Milly has also happily established relationships with a number of former students from her years at Brandeis. At that time, they had a cordial student/teacher connection. These days, that differential, as well as the age gap between them, is inconsequential. Milly is more than a path to the past for these young people. She is very up on current books, movies, world events, and politics. A life-long Socialist, Milly was an avid Bernie supporter during the 2016 presidential primaries.
There are certainly adjustments that Milly has had to make through the years, and she expects there will be more down the road. They are not always easy to accept, but rather than see them as impenetrable barriers, they are challenges in need of solutions.
Recently, Milly made the life-changing decision to give up her car. She had been involved in a minor car accident. While thankfully no one was injured, she was overcome with residual uneasiness. This newly acquired level of angst was short-circuiting her confidence when she sat behind the wheel.
Giving up the car was the correct decision, but it was a grueling one.
“It’s a loss of spontaneity. I’ve given myself permission to feel bereft [that I can no longer just go where I want to go].
It’s been a while since she arrived at this conclusion and she continues to piece options together. Some of the obvious ones have turned out to be unavailable. While she is infinitely grateful that she doesn’t have problems walking, she is not eligible for The Ride, the Greater Boston transportation system that serves seniors who require assistance. While her community does offer taxicab vouchers to residents age 62 and older, they can be used only for specific destinations within city limits.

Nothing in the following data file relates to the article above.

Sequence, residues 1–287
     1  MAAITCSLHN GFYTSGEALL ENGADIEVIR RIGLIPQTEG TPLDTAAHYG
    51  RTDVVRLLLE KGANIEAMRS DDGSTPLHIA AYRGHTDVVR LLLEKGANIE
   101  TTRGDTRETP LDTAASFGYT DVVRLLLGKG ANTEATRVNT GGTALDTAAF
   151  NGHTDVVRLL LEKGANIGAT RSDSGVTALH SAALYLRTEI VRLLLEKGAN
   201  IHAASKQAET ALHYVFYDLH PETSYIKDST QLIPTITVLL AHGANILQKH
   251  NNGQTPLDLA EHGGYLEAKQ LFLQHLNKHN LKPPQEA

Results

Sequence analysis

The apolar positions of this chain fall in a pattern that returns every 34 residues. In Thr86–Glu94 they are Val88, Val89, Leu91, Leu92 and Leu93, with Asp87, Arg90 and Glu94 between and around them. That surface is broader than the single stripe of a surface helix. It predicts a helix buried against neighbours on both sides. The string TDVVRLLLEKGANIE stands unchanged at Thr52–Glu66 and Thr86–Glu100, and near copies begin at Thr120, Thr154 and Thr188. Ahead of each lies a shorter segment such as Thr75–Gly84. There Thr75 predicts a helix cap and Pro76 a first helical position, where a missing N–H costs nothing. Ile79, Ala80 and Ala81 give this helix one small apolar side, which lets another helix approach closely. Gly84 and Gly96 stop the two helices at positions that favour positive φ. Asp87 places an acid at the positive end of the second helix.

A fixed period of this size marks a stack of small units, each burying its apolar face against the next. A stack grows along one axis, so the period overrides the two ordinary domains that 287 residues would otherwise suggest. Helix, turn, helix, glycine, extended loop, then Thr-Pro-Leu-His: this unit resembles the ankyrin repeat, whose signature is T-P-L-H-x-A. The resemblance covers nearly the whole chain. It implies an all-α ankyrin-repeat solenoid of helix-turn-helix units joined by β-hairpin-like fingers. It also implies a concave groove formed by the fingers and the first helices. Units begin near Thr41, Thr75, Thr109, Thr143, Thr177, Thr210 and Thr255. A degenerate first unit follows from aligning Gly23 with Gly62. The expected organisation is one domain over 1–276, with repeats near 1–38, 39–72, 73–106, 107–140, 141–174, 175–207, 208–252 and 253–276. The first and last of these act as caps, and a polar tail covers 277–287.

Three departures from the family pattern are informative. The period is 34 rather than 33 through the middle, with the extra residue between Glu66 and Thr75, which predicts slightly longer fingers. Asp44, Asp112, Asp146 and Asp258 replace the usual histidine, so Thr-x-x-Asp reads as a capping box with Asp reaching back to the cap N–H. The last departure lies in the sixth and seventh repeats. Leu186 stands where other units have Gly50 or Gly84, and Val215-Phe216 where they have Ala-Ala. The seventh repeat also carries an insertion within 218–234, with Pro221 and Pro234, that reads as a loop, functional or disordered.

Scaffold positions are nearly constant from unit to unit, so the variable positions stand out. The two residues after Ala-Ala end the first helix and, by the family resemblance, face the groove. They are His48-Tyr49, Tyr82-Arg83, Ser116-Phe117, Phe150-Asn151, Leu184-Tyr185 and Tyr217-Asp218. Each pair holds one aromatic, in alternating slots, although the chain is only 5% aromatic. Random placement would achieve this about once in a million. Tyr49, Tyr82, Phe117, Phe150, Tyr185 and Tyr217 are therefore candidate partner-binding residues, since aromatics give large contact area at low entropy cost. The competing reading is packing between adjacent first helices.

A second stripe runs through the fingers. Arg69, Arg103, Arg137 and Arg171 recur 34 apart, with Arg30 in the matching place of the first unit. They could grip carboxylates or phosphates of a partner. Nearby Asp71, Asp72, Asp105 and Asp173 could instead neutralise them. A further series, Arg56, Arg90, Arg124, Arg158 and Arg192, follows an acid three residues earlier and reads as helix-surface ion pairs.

Friends and family have been available for rides, but Milly wants to keep these to a minimum. Luckily, at 95, she is technologically savvy, so arranging services like Uber and Lyft is an option available to her.
“My kids would probably describe me as ‘stubborn’, and they mean that as a compliment I trust. I push myself to stay as independent as possible, but I am sensible. It’s not that I reject their many offers of help. It’s that I need to keep participating in my life.”
Arthritis has progressively become a source of pain and limitation. Milly approaches it with resolution.
“There are things that I can no longer do, but that’s where adapting and adjusting and resilience matter.
These days, I love to read and I exercise weekly at the JCC. I enjoy cooking new recipes and making Friday night dinner. It gives me a sense of accomplishment and people enjoy it. I even continue to cut out recipes…and why shouldn’t I!”
When describing the need to adapt, Milly shared this gem.
“When [arthritis in]] my fingers made it too difficult to put on my favorite earrings, I put them aside. Now, I wear another pair.”